Women who are genetically predisposed to the risk of Alzheimer’s are more susceptible to developing the disease during a critical 10-year span in their lives than men with similar genetic risks, researchers have found. The findings showed that among women and men between ages 65 and 75 having one copy of ApoE4, women — more than 10 years after the start of menopause — were at increased risk compared with men.
The study contradicts the previously held view that women with one copy of Apolipoprotein E4 allele (ApoE4) — the main genetic risk factor for late-onset Alzheimer — were diagnosed with the disease 50 per cent more often than men with the same genetic profile.
The reasons that might underlie these sex differences could be linked to physiologic changes associated with menopause and estrogen loss, the researchers said in the paper published in the journal JAMA Neurology.
“Menopause and plummeting estrogen levels, which on average begins at 51, may account for the difference,” said Judy Pa, Assistant Professor at the University of Southern California, Los Angeles.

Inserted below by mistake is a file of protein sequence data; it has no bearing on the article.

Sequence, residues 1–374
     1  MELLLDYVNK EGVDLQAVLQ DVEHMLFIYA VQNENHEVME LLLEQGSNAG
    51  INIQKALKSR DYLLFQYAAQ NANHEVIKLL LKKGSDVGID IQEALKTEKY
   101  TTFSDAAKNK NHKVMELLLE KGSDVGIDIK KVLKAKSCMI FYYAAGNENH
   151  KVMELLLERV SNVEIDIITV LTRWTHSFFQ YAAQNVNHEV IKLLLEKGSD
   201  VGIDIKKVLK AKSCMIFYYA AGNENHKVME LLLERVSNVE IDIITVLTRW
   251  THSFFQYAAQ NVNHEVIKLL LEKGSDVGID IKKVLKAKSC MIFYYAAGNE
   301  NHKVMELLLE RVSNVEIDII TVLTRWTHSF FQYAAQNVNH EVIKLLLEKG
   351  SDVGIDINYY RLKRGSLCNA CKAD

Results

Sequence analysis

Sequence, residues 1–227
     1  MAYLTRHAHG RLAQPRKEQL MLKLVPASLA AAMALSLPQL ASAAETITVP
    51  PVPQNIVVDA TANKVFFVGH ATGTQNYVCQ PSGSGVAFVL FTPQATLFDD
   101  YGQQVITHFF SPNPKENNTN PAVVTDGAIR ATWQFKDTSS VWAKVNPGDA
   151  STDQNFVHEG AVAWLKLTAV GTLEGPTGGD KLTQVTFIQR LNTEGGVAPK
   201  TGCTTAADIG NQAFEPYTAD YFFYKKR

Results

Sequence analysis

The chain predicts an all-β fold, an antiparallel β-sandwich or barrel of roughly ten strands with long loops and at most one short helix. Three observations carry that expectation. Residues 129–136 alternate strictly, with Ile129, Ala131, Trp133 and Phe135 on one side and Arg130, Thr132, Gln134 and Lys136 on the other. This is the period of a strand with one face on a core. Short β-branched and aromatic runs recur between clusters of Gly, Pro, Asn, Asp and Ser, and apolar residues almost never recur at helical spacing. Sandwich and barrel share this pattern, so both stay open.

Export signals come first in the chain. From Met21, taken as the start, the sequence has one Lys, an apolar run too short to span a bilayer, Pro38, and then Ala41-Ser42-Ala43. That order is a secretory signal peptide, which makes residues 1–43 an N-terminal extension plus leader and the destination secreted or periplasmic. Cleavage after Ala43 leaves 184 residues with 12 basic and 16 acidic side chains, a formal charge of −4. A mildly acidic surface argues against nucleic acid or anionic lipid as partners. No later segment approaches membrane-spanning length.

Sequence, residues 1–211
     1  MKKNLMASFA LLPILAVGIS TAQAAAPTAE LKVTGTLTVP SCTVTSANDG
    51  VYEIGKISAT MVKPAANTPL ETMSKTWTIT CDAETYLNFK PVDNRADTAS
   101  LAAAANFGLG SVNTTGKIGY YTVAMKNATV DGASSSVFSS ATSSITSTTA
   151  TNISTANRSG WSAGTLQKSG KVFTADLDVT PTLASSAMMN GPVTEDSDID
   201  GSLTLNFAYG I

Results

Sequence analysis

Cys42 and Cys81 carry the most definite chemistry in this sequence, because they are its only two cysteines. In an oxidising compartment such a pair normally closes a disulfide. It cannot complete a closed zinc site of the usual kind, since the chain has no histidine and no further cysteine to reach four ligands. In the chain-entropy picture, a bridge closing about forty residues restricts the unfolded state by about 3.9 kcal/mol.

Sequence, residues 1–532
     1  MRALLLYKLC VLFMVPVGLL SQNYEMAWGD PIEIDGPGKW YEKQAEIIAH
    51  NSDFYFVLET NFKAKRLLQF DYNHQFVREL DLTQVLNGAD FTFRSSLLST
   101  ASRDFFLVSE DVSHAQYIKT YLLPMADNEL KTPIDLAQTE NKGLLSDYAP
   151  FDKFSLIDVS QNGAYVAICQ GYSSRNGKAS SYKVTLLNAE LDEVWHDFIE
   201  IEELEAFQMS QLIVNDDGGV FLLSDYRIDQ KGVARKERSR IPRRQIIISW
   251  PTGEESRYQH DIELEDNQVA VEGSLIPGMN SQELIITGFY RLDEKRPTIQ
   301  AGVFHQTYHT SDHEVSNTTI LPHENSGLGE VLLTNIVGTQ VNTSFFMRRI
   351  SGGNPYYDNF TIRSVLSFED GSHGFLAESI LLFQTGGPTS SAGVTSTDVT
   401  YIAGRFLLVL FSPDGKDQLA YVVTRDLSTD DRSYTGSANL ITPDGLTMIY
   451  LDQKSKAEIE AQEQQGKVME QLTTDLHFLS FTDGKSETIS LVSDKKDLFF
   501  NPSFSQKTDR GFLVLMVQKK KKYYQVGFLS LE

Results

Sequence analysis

For the study, the team analysed 27 research studies with data on nearly 58,000 participants, between the ages of 55 and 85, to determine how sex and APOE genotype affect the risks for developing mild cognitive impairment (MCI) — often the transitional phase from cognitively normal ageing to dementia, and Alzheimer’s.
Further, women also appeared to be at increased risk of developing Alzheimer’s between the ages of 55 and 70 compared to men.
“Collectively, our findings, along with previous work, warrant further investigation into a likely complex set of risk factors with consideration of sex-specific treatments for cognitive decline and Alzheimer’s disease,” said Arthur W. Toga, from the varsity.
“For example, if women are at increased risk for AD at younger ages, it is plausible that treatments for women may need to be initiated earlier, especially in those who carry an APOE E4 allele.”